Norbert Roettgen, the chairman of the German parliament’s Foreign Affairs Committee, has called for a strong response to Russia for what he has characterized as the Navalny assassination attempt. Among the options favored by Roettgen is the suspension of the Nord Stream 2 gas pipeline. Roettgen is a longtime opponent of the Nord Stream 2 project, a twin set of 1,230 kilometer gas pipelines with the capacity to carry 55 billion cubic meters of gas per year that doubles the capacity of the original Nord Stream system completed in 2012. The $11 billion project is owned by Russian state-run Gazprom and involves financing from a number of European energy companies. Construction is currently 94% complete, with only a short stretch through Danish waters remaining.
In addition to challenges mounted by Roettgen and other German and European opponents to the project, Nord Stream 2 has found itself in the crosshairs of prominent US politicians, such as Senator Ted Cruz, who have lobbied the US Congress to pass sanctions targeting any company found to be helping in the construction of the pipeline. For his part, President Donald Trump, a vocal critic of the Nord Stream 2 project, indicated that he would support any decision by Germany to withdraw from the project, but then cryptically observed that Germany was “too weak” economically to follow through with that threat. Trump also said there is ‘”no proof’” Navalny was poisoned, despite a statement to the contrary from US Secretary of State Mike Pompeo earlier.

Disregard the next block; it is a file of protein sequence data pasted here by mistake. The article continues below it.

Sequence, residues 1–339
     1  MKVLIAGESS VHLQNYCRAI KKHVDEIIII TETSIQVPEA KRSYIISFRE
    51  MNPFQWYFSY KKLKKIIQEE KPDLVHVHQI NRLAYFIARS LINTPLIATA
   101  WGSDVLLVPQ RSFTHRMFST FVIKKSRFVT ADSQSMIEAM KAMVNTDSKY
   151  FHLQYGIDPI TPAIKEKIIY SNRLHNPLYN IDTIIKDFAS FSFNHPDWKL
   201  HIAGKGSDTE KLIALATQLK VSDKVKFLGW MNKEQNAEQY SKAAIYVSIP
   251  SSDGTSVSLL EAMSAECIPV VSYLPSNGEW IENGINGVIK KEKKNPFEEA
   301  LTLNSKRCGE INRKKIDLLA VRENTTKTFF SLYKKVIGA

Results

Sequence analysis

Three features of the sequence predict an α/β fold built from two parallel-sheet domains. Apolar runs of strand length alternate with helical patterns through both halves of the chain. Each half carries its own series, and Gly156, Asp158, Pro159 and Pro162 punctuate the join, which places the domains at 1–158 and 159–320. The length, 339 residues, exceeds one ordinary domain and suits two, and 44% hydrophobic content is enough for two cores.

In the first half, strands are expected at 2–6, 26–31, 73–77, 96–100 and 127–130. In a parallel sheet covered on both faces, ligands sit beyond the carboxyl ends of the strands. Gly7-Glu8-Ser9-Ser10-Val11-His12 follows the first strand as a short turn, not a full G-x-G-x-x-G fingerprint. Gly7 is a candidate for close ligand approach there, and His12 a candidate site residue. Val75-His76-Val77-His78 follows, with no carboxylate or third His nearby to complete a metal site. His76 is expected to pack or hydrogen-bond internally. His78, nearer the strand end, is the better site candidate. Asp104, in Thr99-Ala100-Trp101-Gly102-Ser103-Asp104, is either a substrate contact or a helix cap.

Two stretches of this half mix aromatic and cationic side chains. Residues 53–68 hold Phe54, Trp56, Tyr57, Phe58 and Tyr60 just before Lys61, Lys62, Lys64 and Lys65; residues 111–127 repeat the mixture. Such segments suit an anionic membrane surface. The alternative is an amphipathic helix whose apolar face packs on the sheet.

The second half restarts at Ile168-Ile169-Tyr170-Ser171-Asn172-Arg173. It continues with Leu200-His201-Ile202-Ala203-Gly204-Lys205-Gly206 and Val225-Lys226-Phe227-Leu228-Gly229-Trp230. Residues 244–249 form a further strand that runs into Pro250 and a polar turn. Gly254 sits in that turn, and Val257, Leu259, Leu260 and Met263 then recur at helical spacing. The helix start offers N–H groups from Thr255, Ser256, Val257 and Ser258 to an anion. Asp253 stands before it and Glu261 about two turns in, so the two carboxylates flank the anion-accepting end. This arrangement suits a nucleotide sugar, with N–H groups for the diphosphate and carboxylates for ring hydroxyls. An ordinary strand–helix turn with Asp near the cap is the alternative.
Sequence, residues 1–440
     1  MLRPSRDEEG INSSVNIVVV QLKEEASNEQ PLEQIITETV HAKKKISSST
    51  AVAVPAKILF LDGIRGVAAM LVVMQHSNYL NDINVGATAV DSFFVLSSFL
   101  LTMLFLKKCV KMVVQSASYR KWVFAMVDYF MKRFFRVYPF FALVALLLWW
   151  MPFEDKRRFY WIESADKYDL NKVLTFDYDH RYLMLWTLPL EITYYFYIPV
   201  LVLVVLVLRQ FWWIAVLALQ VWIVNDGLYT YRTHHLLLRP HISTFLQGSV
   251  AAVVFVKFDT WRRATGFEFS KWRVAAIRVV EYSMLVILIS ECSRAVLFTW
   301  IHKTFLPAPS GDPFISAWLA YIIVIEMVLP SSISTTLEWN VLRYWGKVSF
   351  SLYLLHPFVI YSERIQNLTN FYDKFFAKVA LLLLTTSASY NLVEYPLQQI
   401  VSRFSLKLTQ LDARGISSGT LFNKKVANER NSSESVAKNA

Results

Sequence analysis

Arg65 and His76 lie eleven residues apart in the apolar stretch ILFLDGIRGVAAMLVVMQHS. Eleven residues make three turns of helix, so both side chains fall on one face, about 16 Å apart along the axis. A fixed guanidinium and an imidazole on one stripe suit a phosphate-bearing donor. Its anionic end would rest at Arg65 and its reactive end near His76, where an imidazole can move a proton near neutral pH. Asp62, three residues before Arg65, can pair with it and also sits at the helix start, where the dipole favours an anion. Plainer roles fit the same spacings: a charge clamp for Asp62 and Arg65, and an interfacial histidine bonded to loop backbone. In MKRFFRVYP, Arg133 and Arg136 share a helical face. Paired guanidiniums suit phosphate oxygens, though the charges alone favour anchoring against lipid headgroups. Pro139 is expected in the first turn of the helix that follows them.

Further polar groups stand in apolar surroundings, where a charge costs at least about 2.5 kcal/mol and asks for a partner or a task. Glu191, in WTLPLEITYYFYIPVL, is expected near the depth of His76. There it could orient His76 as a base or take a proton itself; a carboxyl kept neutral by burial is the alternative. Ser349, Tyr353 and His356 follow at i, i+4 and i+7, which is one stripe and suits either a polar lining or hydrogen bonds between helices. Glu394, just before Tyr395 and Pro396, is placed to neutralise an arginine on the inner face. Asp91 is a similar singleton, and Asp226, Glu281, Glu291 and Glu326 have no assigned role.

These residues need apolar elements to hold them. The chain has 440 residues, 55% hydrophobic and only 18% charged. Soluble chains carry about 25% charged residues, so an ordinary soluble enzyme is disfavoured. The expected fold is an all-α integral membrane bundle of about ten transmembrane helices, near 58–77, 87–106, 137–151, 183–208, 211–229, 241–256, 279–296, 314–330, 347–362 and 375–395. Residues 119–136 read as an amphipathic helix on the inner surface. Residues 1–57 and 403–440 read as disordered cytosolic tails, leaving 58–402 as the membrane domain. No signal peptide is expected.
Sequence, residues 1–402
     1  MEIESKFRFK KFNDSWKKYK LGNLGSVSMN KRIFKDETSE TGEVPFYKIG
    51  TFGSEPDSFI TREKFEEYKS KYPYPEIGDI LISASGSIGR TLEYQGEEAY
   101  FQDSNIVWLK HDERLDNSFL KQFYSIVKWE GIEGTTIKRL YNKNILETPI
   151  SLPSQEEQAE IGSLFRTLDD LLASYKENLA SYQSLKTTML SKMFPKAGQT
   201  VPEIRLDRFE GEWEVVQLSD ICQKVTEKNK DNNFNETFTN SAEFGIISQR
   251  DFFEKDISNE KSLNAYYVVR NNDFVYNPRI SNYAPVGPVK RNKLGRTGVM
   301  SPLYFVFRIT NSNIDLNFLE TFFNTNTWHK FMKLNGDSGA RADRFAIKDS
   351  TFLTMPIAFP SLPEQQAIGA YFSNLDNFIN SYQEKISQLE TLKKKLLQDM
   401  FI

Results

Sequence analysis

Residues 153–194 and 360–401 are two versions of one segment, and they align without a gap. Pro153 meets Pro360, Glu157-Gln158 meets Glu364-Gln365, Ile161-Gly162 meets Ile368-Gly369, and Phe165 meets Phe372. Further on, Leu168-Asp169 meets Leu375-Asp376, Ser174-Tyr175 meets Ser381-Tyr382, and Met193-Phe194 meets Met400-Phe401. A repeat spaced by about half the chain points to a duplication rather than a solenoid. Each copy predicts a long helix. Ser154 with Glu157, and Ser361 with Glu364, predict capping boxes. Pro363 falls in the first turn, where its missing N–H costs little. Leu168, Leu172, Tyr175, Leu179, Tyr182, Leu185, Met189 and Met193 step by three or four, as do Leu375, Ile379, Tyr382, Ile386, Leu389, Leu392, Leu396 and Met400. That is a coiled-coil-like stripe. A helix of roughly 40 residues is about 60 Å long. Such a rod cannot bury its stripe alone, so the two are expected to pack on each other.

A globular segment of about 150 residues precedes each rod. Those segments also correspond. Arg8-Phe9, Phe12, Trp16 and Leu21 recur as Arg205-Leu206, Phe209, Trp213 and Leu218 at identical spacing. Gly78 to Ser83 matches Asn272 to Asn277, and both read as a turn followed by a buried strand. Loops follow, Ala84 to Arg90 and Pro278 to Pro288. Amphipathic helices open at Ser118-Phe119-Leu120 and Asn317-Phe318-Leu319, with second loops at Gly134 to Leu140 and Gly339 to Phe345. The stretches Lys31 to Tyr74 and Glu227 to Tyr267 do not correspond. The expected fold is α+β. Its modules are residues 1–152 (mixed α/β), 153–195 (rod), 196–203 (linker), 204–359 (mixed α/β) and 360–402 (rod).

President Trump’s statements provide useful clues as to the political and economic forces surrounding the Navalny incident and Nord Stream 2. First and foremost, the economic consequences of a German withdrawal from Nord Stream 2 would be a huge blow to the private European companies involved: Germany’s Wintershall Dea and Uniper, Royal Dutch Shell, France’s Engie and Austria’s OMV as well as other firms. The economies of Germany and Europe, would also be forced to rely on alternative sources of gas, primarily LNG, that could be more costly and less reliable than a dedicated pipeline.
At a time when the German and European economies are already struggling under the strain of a global economic contraction due to the coronavirus pandemic, the immediate impact of the loss of new Nord Stream 2 supplies would be minimal. European gas markets and global LNG trade are both seriously oversupplied at the moment due to the collapse in demand. But the longer-term picture is less certain. Russian gas from Nord Stream 2 remains central to Germany’s long-term plan to move away from coal and nuclear power as it builds up renewable energy supplies. Moreover, Germany would be called upon to compensate the economic losses incurred by any precipitous, and probably illegal, termination of the Nord Stream 2 pipeline. This would mean that the German taxpayer would ultimately shoulder the cost, leaving German politicians to pay for the price of this decision at election time.